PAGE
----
Finally, there is a place where the donkey cannot turn to one side or the other to get away from the Angel of the Lord. So he just lays down under Balaam. Balaam strikes the donkey again with his staff (Numbers 22:26-30).

The Lord opens the mouth of the donkey and enables it to speak to Balaam. Then Balaam’s eyes are opened to see the Angel of the Lord standing in Balaam’s way with His sword drawn (Numbers 22:31). The Angel of the Lord tells Balaam to continue on his way. But the Angel of the Lord tells Balaam not to speak anything but what the Lord tells him to speak.

The Lord commands Balaam to bless Israel. Balaam then said two very important things in the blessings that must have intrigued the Magi. Balaam said that “there is no sorcery against Jacob” and no “divination against Israel” (Numbers 23:23 NKJV). No powers of manipulation of the divine and fate understood according to natural lights or the practice of divination could have any effect against God’s people.

There is no sorcery or divination against you, dear people of God in Christ.

If the Magi were practitioners like Balaam, this would have caught their attention. This would have instructed them to look for something more.

The other thing that Balaam said that must have stuck with them was this: “I see Him, but not now; I behold Him, but not near; A Star shall come out of Jacob; A Scepter shall rise out of Israel” (Numbers 24:17 NKJV). The “Him” must have been the Messiah.

So here we see the Magi. God gives them a star to follow. The star arises. Could it be? Is this the sign of the star that arises out of Israel that Balaam spoke about? Is this the Scepter that shall not depart from Judah?

The star moves. It leads them west. It leads them to Jerusalem. They inquire of where the King of the Jews had been born. This King was the Scepter that arises out of Israel.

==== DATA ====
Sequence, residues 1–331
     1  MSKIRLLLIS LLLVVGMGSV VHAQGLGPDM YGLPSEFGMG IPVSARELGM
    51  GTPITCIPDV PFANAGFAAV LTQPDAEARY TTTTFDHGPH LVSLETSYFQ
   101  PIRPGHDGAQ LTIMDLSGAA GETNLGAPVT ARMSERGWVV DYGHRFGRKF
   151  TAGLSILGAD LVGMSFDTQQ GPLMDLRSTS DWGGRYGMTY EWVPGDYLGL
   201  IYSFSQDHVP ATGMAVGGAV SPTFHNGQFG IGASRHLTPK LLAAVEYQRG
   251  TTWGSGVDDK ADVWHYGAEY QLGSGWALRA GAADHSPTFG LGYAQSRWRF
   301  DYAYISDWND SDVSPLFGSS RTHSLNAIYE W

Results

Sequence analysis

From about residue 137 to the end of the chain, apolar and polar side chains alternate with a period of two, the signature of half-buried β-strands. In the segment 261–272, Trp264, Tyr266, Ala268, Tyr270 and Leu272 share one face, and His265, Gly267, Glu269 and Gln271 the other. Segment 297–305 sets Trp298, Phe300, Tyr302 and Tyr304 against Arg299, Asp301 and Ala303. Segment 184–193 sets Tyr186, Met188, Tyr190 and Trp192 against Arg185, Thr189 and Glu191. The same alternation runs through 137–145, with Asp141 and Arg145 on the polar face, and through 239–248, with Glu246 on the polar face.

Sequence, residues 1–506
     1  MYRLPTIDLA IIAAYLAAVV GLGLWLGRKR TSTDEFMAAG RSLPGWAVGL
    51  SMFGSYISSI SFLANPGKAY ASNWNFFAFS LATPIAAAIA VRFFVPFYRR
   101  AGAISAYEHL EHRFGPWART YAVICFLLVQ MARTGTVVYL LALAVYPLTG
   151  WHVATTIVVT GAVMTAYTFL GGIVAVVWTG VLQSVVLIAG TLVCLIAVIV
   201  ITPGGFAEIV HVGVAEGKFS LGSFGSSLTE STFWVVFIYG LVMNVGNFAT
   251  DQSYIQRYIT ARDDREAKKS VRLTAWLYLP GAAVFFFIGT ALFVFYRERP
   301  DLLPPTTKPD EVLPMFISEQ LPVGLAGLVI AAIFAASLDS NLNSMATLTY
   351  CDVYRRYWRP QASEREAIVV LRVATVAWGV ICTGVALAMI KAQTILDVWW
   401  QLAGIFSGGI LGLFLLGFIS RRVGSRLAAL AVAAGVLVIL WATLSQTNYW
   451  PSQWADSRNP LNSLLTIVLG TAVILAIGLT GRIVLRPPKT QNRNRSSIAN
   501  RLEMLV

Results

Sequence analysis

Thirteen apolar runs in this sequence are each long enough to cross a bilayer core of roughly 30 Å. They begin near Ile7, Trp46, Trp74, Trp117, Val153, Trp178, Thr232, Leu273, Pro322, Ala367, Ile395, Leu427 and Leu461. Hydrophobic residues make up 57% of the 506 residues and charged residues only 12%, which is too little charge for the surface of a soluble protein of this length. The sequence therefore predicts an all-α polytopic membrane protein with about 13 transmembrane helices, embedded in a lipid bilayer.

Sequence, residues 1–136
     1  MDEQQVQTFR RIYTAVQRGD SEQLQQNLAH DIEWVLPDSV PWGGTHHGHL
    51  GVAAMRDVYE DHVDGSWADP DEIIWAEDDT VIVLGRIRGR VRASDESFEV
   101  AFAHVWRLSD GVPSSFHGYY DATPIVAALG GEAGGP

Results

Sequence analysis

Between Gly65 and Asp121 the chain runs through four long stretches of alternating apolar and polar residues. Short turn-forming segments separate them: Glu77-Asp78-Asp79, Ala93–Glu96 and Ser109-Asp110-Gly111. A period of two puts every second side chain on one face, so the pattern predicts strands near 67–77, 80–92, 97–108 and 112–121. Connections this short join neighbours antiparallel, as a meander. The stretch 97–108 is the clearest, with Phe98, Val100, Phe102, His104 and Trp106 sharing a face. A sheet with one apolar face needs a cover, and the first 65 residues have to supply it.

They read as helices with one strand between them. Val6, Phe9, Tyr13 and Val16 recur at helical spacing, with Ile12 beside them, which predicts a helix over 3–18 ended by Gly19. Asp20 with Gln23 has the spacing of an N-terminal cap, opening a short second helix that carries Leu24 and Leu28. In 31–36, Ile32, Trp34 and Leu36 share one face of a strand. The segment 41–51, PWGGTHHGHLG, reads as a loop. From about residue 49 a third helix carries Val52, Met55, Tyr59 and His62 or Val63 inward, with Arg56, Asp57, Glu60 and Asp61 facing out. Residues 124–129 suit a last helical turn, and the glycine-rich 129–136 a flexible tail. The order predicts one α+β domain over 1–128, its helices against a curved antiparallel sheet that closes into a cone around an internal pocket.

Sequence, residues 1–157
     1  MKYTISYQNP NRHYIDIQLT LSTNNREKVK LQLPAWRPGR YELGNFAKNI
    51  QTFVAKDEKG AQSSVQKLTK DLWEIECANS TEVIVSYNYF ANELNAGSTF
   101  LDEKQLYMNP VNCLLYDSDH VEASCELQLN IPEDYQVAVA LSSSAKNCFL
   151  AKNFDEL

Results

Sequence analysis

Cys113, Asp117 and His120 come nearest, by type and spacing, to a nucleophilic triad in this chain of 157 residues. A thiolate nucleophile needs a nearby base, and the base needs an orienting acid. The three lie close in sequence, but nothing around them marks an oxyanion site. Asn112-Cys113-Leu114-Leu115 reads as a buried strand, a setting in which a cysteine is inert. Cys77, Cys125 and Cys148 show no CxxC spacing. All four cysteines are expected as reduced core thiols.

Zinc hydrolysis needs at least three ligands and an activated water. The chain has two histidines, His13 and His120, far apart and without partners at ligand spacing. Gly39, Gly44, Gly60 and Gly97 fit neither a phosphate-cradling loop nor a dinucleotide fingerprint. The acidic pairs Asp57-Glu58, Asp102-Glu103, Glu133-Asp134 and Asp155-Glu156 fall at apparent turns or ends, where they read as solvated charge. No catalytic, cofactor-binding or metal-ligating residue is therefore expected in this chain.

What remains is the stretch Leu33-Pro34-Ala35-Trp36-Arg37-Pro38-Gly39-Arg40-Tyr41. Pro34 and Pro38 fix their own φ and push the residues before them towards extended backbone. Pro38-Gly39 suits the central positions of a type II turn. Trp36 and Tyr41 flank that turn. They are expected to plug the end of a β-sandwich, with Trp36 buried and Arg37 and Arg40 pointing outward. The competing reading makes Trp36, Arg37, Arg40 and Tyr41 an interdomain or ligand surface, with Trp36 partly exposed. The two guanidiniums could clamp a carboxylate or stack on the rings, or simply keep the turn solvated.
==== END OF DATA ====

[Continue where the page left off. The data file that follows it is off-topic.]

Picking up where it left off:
God spoke a promise of the Messiah in terms of a star. The Magi look to the stars to try to understand what God is doing. God mercifully and graciously now gives them a star, because they would be looking for it.

God leads them by the star to Judah, to Jerusalem, to Bethlehem, to the place where the Light is with His mother, Mary. Mary’s Child is the Light, the Light the Magi believed was promised to them; the Light that is promised to all people.

The Light is God’s answer to the darkness that covers the earth, that all peoples have in common. This is the darkness of death, the darkness of sin, and God’s wrath against it. If these Magi were wise—and there is no reason to doubt this as far as it goes—they were fully aware of this darkness.

Now a star arises and leads them. It leads them to the true Star that is the fulfillment of Balaam’s prophecy.

And there He is, God’s gift, a little child, lying in the arms of His Mother. They bow down. They fall on their knees. They give thanks. They worship. They lay very valuable gifts at His feet. It is fitting that they should do so. They do so with joy, and thanksgiving. They give their gifts without coercion, out of a free and willing spirit, since they were led by God to find the Light they had been seeking.

And now this Light is their faith, their religion. There can be no going back, but only onward as this Light leads them.

So we too find Him. We find Him here as the good news of Him is told to us, as God’s promised Immanuel. We find Him here as He has promised to gather with us when we are gathered in His Name (Matthew 18:20). We find Him here, as He comes to us in His body and blood, the same body and blood by which He took away the darkness and gives us the promise of forgiveness and the hope of life overcoming death.

And as we find Him, we find Immanuel. As we find Immanuel, we find God, and all the company of heaven. And we find God walking with us always with His strength, His love, His joy, and His peace, in the midst of our pilgrimage; this pilgrimage that can seem quite dark and painful at times.

We find Jesus here, as Magi found Him at Bethlehem. And finding Jesus, we find the Light, and He is leading us home. Amen.